One of ton's arguments for using a relational database is that it permits enforcement of referential integrity. But I would argue that in the general case, you don't want strict enforcement of referential integrity. Suppose you uninstall a program. The uninstaller tries to delete the program registration, but that registration is being referenced by foreign keys in other tables. These references were not created by the application itself; perhaps the shell common dialog created them as part of its internal bookkeeping. If the registry blocked the deletion, then the uninstall would fail. "Cannot uninstall application because there's still a reference to it somewhere." And that reference might be in Bob's user profile, from that time Bob said, "Hey can I log onto your machine quickly? I need to look up something." Bob is unlikely to come back to your machine any time soon, so his user profile is just going to sit there holding a reference to that application you want to uninstall for an awfully long time. "Hi, Bob, can you come by my office? I need you to log on so I can uninstall an app."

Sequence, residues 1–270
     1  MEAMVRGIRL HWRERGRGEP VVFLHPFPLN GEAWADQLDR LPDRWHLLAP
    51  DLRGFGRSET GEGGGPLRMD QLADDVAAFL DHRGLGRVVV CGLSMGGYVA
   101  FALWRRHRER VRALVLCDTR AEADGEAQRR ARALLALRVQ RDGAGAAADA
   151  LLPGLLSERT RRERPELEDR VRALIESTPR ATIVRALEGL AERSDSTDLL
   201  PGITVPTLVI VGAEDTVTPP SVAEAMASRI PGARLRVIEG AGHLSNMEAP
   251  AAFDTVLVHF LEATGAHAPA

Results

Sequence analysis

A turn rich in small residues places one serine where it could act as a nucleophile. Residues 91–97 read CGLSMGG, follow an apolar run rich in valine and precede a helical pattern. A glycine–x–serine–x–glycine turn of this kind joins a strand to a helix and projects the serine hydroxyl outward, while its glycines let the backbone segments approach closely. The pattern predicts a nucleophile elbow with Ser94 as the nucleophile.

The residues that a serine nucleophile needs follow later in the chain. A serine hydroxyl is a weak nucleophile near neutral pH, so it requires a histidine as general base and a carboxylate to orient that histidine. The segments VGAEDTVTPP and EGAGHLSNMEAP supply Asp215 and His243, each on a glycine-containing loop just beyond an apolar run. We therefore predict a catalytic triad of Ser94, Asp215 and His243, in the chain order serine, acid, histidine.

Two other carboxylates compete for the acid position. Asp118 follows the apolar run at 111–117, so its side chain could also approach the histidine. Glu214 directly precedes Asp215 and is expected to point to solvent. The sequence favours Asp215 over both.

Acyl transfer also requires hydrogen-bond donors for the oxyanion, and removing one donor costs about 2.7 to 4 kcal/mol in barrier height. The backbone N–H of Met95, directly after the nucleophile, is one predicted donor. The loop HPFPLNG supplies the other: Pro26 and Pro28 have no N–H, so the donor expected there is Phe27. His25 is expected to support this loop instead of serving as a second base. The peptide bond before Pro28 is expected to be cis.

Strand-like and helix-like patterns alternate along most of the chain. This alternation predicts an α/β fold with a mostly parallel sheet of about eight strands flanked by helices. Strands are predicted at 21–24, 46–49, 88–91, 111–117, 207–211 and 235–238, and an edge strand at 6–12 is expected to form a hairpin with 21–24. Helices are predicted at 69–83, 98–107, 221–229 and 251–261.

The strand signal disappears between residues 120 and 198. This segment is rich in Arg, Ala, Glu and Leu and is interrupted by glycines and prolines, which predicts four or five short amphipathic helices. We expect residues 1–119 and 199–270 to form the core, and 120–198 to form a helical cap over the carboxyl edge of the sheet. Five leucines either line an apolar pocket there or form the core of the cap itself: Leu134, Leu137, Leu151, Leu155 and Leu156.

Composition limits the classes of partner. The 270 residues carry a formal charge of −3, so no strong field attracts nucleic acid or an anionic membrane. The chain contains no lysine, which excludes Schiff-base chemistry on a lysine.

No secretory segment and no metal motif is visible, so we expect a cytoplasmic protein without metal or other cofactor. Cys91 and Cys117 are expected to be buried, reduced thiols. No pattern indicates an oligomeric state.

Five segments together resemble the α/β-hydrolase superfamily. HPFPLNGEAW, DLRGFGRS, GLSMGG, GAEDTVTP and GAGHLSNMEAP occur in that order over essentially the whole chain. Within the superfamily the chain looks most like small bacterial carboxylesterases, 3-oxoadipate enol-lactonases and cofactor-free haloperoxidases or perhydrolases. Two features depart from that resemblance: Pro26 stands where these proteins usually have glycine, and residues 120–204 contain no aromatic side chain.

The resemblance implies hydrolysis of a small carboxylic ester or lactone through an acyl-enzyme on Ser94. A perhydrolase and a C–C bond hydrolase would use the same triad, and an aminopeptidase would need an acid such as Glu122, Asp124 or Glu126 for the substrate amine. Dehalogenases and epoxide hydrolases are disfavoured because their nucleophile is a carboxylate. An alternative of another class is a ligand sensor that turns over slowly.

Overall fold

So let's assume it goes the other way: The registry automatically deletes orphaned foreign key rows. (And for hives that are not currently available, it just remembers that those foreign key rows should be deleted the next time they are loaded. Nevermind that that list of "foreign key rows that should be deleted the next time Bob logs on" is going to get pretty long.)

    Now suppose you're uninstalling a program not because you want to get rid of it, but because you're doing an uninstall/reinstall troubleshooting step. You uninstall the program, all the orphaned foreign key rows are automatically deleted, then you reinstall the program. Those orphaned foreign key rows are not undeleted; they remain deleted. Result: You lost some settings. This is the reason why you don't clean up per-user data when uninstalling programs.